Shame: Hiri, Fear: Ottappa

Shame: Hiri, Fear: Ottappa

3. Hiri (Shame) And 4. Ottapa (Fear)

To feel ashamed to do evil is hiri; dread or fear to do evil is ottappa. Hiri is evident in those who value their honour and dignity. Ottappa is evident in those who respect their parents, teachers, friends and relatives.

Further clarification is as follows:

When one reasons, “I belong to a good family. So, I should not indulge in unwholesome deeds, nor earn my living as a fisherman or as a hunter.” Thus he feels ashamed to resort to indecent livelihood and maintain the honor of his family, or clan. The educated will reason thus, “We are learned persons; we should feel ashamed of unwholesome acts of doing bad deeds. We must refrain from killing, stealing, etc.” The aged will reason thus, “We are old, and ought to be mature and wise. If we commit evil we will come into shameful situations.” These three instances show the dominance of hiri, a wholesome mental factor, in those who value their honor and dignity. Those who are considerate of others will reason, “If I do evil, my parents, friends, relatives, and teachers will be blamed because of me. Therefore I will not do any evil. I will avoid misdeeds.” This is a fine example of ottappa. So a person acquires hiri and ottappa by means of sympathetic considerations for others and by holding the honor and dignity of his close acquaintances. But if you have no sympathetic consideration for your family, teachers, etc., you lack both hiri and ottappa and you will do many evil deeds in your life. Hiri and ottappa protect you from immoralities putting restraints on son from misconduct with mother as well as on brother from committing sin with sister. They are regarded, therefore as two great guardians of the world (Lokapala Dhamma) protecting you from immoralities. So they are pure and wholesome ideals, known as Sukka Dhamma. These two Dhamma keep human beings in moral discipline and moral restraint that distinguish them from animals. Without hiri and ottappa, mankind will sink into evil depths and be reduced to the state of animals. Today many people are void of moral shame and dread so that they dress, eat and behave indecently. If this moral decay continues to proliferate, the world will soon end in complete ruin. For mankind will turn into animals.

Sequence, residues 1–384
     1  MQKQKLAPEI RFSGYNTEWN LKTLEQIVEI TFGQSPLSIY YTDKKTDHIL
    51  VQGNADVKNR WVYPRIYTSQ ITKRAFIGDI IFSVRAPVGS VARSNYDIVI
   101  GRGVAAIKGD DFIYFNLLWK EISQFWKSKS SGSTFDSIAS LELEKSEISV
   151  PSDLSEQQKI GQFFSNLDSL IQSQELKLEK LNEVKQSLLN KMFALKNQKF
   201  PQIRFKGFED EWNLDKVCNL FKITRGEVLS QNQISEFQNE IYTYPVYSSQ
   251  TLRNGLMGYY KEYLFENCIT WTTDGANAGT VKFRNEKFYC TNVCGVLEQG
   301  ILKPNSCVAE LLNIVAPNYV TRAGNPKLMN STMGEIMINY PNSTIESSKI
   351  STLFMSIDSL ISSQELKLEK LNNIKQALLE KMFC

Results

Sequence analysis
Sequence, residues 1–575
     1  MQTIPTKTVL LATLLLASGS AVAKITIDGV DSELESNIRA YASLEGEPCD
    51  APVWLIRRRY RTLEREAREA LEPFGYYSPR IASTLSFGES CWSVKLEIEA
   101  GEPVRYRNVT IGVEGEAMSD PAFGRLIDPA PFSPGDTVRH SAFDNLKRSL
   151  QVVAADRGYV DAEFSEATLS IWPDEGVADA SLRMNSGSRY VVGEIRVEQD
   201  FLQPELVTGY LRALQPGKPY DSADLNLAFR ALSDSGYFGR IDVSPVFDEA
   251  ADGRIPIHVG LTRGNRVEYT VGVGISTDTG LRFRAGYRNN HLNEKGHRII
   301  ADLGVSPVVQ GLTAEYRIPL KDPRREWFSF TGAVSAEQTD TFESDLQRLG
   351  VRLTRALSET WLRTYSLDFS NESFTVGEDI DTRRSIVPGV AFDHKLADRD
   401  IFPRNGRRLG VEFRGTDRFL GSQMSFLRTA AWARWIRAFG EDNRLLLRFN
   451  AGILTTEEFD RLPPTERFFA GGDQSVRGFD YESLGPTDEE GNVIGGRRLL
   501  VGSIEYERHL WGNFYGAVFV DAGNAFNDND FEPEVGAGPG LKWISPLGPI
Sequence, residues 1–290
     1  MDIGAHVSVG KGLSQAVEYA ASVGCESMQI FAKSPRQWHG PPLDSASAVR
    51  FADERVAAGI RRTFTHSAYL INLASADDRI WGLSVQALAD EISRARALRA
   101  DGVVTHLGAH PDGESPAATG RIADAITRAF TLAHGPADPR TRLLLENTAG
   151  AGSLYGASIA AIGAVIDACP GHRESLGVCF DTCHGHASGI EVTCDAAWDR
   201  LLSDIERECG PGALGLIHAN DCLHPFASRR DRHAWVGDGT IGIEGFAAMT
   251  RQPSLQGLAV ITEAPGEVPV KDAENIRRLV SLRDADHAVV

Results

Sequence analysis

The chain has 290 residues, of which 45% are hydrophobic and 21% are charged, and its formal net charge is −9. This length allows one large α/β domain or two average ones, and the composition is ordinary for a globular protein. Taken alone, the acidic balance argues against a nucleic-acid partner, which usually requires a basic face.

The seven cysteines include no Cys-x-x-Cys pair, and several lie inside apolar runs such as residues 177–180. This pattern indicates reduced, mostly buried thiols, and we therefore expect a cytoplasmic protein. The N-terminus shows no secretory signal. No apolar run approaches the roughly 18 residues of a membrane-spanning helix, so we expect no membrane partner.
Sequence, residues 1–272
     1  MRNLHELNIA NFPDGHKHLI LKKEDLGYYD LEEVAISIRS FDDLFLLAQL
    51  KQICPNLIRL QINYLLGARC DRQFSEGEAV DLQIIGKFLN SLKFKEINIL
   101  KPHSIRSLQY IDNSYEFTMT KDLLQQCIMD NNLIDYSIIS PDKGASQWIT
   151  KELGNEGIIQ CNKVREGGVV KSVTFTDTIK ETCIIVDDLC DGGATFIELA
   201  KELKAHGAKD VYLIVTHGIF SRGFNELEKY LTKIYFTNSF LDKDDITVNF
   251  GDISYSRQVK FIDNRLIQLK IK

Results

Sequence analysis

False Hiri and Ottappa

Although moral shame and moral fear are wholesome mental factors (kusala cetasika) there are also false ones. Shame or fear to do evil deeds, abstinence from evil actions (ducarita) are due to true hiri and true ottappa. Shame and dread to keep Sabbath, to visit pagodas and monasteries (to go to church), to listen to Dhamma talks, to speak in public, to do manual (not ashamed of being unemployed and starving) labor, or boy meeting girls, etc., are false hiri and ottappa. In fact they are pretensions and vain pride. According to Abhidhamma they all are collectively taken as a form of tanha.

Four Cases Where Shame Should be Disregard

In texts mention is made of four cases where one should discard shame: i. In trade and commerce
ii. In learning under a competent teacher
iii. In partaking of food
iv. In making love
These cases are mentioned to emphasize the point that one should be hold doing something of benefit. No commitments are made on whether they are moral or immoral. Other instances of hiri and ottappa are fear of courts and judges, reluctance to visits the lavatory while traveling, fear of dogs, fear of ghosts, fear on unknown places, fear of opposite sex, fear of elders and parents, fear of speaking in the presence of elders, etc. These are not genuine fear or shame. Indeed they are mere lack of nerve or confidence, a collection of akusala (unwholesome) states propelled by domanassa.

The Middle Way

The above explanation will clarify the fact that only genuine shame and fear are to be cultivated. There should neither be shame nor fear doing deeds not unwholesome. But this does not mean one must be reckless and bold in every case. Recklessness leads to disrespect for elders, anger, hatred and conceit. While moral courage and fearlessness are to be praised, recklessness and disrespect are to be blamed. Fruitless boldness, disrespect and vain courage are undesirable; one should be bold and fearless only in doing good deeds. Excess of shame and fear are equally undesirable. There is a middle path for all to follow. One is not to be fearless in circumstances that they should have fear; and one should not be feared and become fearless of what should be feared.”